Waatea News Update

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Location: Auckland, New Zealand

Tuesday, February 27, 2007

Tainui looking for good faith on Landcorp sales

Tainui chairperson Tukoroirangi Morgan says the Crown needs to show good faith to Hauraki claimants and withdraw a Landcorp block on the Coromandel from sale.

Mr Morgan joined other representatives of Tainui waka tribes at the occupation of the Whenuakite Station near Whitianga yesterday.

Landcorp says it will not accept any tender for the 11 hundred hectare farm until consulting with stakeholding ministers.

Mr Morgan says that gives the Government to do the right thing and safeguard the only lare Crown property on that coast which can be used for the settlement.

“It is the 3000 acres. It is the last bit of land that contains sites of significance and also pa sites, and it’s on that basis that Hauraki and Taiunui waka are united to seek some assurances from the Crown not to proceed with the sale,.” Mr Morgan says.

He says the other iwi of the Tainui waka will join with Hauraki in seeking a meeting with stakeholding ministers to discuss the issue.


The Health Ministry is offering up to 500 scholarships for people studying this year in the Maori health and disability area.

Associate minister Mita Ririnui says the annual Hauora Maori scholarship programme attracts more applications than there is funding, because more young Maori are keen to take up careers in health.

Mr Ririnui says there is also a trend to more people studying health management or taking post graduate study, a sign that Maori are aspiring to a wider range of roles.

He says the drive for the scholarships came from the Maori health sector itself.

“There's been a strong push by Maori health provider networks around the country to invest in developing Maori who can move into this very important part of the social sector. They’re pushing for stronger focus on development within the workforce. The scholarships are there to encourage that,” Mr Ririnui says.

There will be as lot of interest in the two John McLeod Scholarships, which offer 10 thousand dollars to applicants who have achieved outstanding academic success in Mâori health.


The rivalry between the three regions for Maori rugby supremacy will be renewed over the next few weeks.

The South Island picked its Te Waipounamu 15 after last weekend's tournament in Timaru.

Maori rugby coach Donny Stevenson says as soon as the other teams are picked, the competition will be all on.

“The central, Te Tini, play their tournament in Palmerston North on Friday and Saturday, and Te Hiku o Te Ika play their tournament at Waitemata on Saturday Sunday, and each of those regions will pick the tournament teams, and they will play one another over the next three weeks,” Mr Stevenson says.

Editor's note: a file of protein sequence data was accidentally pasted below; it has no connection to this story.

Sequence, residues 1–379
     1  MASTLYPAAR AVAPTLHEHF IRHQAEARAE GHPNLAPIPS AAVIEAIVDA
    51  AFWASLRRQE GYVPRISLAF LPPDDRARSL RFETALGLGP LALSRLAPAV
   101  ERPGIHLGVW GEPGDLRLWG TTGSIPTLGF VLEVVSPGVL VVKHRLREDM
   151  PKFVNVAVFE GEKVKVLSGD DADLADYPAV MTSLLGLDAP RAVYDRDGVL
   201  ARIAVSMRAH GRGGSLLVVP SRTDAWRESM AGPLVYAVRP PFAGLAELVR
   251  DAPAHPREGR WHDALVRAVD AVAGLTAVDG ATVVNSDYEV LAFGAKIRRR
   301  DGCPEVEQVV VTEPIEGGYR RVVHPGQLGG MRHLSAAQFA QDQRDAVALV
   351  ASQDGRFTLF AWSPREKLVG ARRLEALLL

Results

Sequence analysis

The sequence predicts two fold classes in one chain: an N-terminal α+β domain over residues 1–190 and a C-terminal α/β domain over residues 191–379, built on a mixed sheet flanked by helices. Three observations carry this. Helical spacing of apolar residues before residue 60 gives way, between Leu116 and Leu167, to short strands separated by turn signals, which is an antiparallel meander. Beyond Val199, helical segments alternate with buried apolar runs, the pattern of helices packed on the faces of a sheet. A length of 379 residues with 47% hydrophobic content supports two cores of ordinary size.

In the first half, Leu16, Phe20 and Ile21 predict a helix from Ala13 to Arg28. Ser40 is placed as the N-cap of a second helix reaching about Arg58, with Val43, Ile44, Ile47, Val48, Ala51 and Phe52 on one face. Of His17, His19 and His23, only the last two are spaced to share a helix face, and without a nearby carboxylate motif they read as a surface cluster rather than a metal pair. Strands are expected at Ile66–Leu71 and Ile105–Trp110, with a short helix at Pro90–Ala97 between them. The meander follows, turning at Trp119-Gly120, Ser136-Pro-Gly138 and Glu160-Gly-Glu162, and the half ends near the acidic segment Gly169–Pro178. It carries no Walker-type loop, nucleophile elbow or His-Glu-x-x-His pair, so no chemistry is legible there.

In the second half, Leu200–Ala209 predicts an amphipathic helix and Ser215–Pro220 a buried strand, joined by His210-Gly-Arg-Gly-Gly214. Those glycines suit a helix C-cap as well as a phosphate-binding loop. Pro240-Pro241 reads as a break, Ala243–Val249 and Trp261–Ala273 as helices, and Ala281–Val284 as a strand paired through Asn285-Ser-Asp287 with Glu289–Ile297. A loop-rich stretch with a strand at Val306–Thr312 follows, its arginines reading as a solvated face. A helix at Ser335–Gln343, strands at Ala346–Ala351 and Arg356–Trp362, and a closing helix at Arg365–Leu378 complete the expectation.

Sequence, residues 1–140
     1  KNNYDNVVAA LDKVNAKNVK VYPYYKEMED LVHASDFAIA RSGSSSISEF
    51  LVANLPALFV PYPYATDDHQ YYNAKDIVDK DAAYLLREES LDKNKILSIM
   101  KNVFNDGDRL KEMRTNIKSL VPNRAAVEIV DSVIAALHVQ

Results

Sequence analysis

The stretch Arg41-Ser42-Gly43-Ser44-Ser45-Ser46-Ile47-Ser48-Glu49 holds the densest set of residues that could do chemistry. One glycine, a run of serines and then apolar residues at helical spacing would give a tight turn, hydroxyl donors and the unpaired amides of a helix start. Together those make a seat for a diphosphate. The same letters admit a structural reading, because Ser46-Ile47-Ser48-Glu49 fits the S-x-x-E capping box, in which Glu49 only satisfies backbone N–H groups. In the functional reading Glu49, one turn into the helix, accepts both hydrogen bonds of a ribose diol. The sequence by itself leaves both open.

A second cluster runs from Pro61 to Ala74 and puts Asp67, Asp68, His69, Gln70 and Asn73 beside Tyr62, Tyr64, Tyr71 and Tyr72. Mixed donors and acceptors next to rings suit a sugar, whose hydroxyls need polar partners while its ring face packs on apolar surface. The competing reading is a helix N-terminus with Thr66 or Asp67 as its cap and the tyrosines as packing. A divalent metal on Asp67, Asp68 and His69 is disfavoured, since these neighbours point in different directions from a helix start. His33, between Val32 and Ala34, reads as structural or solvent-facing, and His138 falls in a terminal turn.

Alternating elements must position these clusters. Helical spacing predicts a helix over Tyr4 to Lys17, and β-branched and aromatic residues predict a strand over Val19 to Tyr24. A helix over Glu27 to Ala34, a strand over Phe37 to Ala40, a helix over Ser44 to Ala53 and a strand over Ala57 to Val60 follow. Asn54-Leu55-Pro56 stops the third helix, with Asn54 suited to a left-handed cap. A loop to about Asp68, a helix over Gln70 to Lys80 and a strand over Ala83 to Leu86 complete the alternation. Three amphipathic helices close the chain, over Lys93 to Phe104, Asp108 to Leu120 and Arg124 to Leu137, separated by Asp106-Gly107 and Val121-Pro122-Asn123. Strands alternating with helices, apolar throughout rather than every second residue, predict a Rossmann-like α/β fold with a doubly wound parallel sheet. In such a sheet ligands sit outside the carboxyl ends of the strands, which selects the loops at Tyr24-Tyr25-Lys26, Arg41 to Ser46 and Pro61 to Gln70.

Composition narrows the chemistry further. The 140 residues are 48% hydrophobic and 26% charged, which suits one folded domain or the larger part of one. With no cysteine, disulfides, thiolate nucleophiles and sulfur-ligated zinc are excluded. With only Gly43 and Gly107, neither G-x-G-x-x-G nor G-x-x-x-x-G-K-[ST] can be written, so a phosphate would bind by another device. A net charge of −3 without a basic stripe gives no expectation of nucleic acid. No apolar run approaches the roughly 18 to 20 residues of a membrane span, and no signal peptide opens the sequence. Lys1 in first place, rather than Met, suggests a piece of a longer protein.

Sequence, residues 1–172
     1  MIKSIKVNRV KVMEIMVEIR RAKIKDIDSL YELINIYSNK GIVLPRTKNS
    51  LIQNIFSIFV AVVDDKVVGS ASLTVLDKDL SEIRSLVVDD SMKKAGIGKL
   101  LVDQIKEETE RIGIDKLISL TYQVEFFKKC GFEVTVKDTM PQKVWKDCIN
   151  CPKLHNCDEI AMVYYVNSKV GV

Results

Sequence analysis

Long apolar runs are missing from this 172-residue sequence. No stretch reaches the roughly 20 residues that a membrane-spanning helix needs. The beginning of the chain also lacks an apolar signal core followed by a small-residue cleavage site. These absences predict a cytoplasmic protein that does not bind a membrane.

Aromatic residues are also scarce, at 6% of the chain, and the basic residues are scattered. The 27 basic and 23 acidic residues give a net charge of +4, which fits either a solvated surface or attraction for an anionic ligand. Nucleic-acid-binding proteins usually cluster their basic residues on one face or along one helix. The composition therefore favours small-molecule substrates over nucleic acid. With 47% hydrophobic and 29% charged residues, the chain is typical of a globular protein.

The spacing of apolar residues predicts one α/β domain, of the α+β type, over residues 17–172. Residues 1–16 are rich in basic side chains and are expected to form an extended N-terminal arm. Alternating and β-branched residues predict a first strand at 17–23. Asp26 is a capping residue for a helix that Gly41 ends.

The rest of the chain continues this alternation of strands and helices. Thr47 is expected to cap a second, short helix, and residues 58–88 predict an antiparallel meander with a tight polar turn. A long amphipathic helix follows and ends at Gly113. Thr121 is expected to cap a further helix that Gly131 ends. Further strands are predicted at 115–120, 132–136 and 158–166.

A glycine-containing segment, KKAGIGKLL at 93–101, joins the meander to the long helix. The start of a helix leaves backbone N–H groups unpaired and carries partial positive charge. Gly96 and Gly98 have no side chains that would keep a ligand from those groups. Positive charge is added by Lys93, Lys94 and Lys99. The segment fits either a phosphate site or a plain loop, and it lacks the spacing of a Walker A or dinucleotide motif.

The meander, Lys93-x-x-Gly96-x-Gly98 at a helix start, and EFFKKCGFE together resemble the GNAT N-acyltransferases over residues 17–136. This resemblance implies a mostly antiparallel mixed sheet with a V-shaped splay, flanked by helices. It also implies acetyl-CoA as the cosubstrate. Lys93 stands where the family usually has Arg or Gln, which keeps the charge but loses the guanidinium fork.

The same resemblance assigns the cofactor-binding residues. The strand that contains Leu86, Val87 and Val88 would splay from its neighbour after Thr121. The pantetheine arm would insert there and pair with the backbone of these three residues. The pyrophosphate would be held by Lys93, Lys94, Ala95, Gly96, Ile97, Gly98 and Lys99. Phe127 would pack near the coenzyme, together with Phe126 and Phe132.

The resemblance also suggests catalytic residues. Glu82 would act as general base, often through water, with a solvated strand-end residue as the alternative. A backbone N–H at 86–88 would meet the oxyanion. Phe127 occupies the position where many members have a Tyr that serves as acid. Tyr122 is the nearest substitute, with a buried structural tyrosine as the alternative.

This year's inter-regional battle takes on special significance because of the national Maori team's trip to England in May to defend the Churchill Cup.


Whanganui Maori will today become owners of the town's courthouse.
The court is built on part of the Pakaitore block, which the iwi says they never sold and was an important gathering place for the river tribes.

It's next to Moutoa Gardens, which was occupied for 79 days in 1995 and brought Tariana Turia to national prominence.

Another Pakaitore protest veteran, Ken Mair, says the return comes after more than a decade of negotiation.

He says it's a step in the right direction, as the iwi seeks to reclaim its land base and look after its river.

“The courthouse will be leased from us for the next 10 years at least and we’ll receive rent and the trust that’s set up, made up of descendants of the Whanganui River, they will decide how that rent is utilised for the future wellbeing of us as an iwi and more importantly for the land and the river,” Mr Mair says.

There will be a powhiri for Maori Affairs Minister Parekura Horomia and other officials at Moutoa Gardens at 10, followed by the signing of the Deed of On-account Settlement and a special sitting of the Maori Land Court to effect the deal.


Opononi School is fighting to get teacher aide funding restored for a pupil suffering a range of complications due to renal failure.

Principal Tiere Moati says the Education Ministry claims seven year old Levi no longer fits the criteria.

Ms Moati says without an aide Levi cannot stay at school, but the ministry won't spell out what the funding criteria is.

“To be told that you don’t meet the criteria makes one wonder how one sets that criteria in terms of when death is the ultimate, surely that's a high need,” Ms Moati says.


Whanau who whakapapa to Kahotea Marae near Otorohanga have been sprucing up their marae for a special birthday.

Their meeting house Whatihua turns 100 this weekend.

Organising committee spokesperson Hazel Wonder says the whare fell into disrepair after people moved away for work in the 1950s and 60s, but has been restored in recent years.

She says the northern King Country hapu traces back to the Waikato settlement of Rangiawhia, which was sacked during the land wars.

“Towards the end of the 1800s when they had the burning at Rangiawhia, the tupunas escaped that burning and came and settled here and so it’s their descendants who will be coming back here this weekend,” Ms Wonder says.

A highlight of the hui will be the launch of a commemorative book on Whatihua.


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